When the Artists and Curators Have Voices

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Before talking to Edisabel Marrero Tejeda, my knowledge about Cuban art was scarce, mediated through the few articles I have read about this vivid scene – I could sense there was so much content there, that was feeding the imagination and was calling for more knowledge and verified information.

I met Edisabel Marrero Tejeda in Seoul; she travelled to Korea as a fellow at the National Museum of Contemporary Art in 2014, proposing a research on the position of several Korean women artists. Apart from her research, she managed to support the participation of Korean artist Han Sungpil to be part of the 12th edition of the Havana Biennial; this was the first Korean participation in the Biennial since 1994 and it attracted a lot of debate. Han Sungpil created a 28 x 33 m fabric showing the restoration of a Three-Story Stone Pagoda from a temple site in Korea, that he superimposed on the façade of the Abril Publisher building situated in front of the National Capitol Square, one of the most famous landmarks in Havana. The intervention, entitled Harmonious Havana – Façade Project, brought together two architectural milestones on a highly politicized territory, expanding the discussion around authenticity and identity.

The discourse surrounding the art projects that have been produced in Cuba brings me back to a very familiar territory – that of the art that has been created in Central and Southeastern Europe between the 1960s and the 1990s. As Edisabel Mattero Tejeda mentions, this specific visual attitude, combined with the physicality of a space loaded with political energy and doubt, is always celebrated by the ever-hungry art world and many times it is exoticized. But deep down, the issues that motivate certain artists to act are determined by a complex array of factors that are connected to their social background, to climate, to geographical position and to language. Many times, institutions are simply powerless and confused in front of a shifting socio-political environment, unable to respond in an inspired way to the sincerity of an artist asking legitimate questions.

Culturally, Cuba is considered to be part of South America. But in reality, can Cuba be accurately identified as being part of any geopolitical structure? It has a difficult position, that is sugary and bitter at the same time, between two territorial mammoths, requiring a constant evaluation of its fundaments. I remember Tania Bruguera’s performance The Burden of Guilt IV, presented at the Gwangju Biennial in the year 2000. She was sitting naked, with the head shaved and a rope around her neck that was being attached by her left arm which was pulling the rope behind her back, in the center of a room covered in lambskin. At the same time, in a reflex gesture, the artist was rubbing a sharp rock with her right hand. The visitors were passing by her body, while from time to time, the lights were turned off and one could hear the sound of bleating sheep. In an adjacent room, the floor had been covered with layers of sugar and on a suspended monitor, televised clips of Fidel Castro were shown. This work, part of a larger series with the same name, has a lot of layers that are partly connected to the position of artist of bringing symbols together in such a way that the acid truth prevails, but in the same sense, it tackles the indifference of crowds towards vulnerability and the conformity of vision.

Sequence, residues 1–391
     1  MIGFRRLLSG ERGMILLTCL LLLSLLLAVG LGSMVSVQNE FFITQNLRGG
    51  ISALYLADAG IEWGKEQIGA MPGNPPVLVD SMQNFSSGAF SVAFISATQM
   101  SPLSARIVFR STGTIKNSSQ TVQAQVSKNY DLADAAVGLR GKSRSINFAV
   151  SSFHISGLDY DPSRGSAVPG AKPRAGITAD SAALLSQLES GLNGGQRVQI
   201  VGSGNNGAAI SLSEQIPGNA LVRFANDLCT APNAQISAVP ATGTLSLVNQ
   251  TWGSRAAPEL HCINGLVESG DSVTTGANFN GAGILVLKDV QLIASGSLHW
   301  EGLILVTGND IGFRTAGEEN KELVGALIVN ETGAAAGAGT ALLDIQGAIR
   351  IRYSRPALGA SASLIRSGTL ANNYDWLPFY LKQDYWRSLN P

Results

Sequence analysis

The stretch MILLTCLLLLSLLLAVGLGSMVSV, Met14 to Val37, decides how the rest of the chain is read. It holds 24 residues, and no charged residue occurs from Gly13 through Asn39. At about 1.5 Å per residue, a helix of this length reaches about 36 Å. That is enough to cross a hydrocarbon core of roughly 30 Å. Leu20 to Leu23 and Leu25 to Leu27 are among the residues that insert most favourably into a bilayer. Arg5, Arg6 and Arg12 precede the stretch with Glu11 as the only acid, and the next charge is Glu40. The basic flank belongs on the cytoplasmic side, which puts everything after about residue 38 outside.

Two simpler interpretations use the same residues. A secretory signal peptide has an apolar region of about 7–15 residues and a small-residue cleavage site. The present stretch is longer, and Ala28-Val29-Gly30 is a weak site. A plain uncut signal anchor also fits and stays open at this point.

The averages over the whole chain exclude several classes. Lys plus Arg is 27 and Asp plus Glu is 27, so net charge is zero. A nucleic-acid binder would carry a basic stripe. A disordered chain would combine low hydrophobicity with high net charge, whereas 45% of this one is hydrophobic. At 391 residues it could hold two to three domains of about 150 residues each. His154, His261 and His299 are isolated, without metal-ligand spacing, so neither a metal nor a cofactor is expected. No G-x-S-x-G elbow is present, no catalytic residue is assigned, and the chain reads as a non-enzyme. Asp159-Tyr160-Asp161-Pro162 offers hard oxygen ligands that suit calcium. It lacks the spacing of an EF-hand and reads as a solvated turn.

The body of texts written by Edisabel, focuses on the historical formation of Cuban art and the role of the Havana Biennial in internationalizing the cultural communication. While analyzing several emblematic case studies, she observes under the microscope facts and concepts that have shaped contemporary thinking in Cuba over the last sixty years and that have rendered its uniqueness.


Image credit: Rafael Villares, Reconciliation. Installation in public space located in Línea St., Vedado, Havana, Cuba, consisting of two street lamps, one used in Cuba and one in the United States. The work was commissioned by The Ministry of Culture of the Republic of Cuba and it was first exhibited as part of the 11th Havana Biennial, in 2012, at the Higher Art Institute (ISA). For the artist, stopping under a light is like “going into the light”, there is no evasion, it is about revealing a direct action. The double streetlight unmasks and at the same time symbolizes, by interlacing, an event of reconciliation, an intimate scene of communion between the connection, the light that shines, and the spectator.


Towards Central-Eastern Europe

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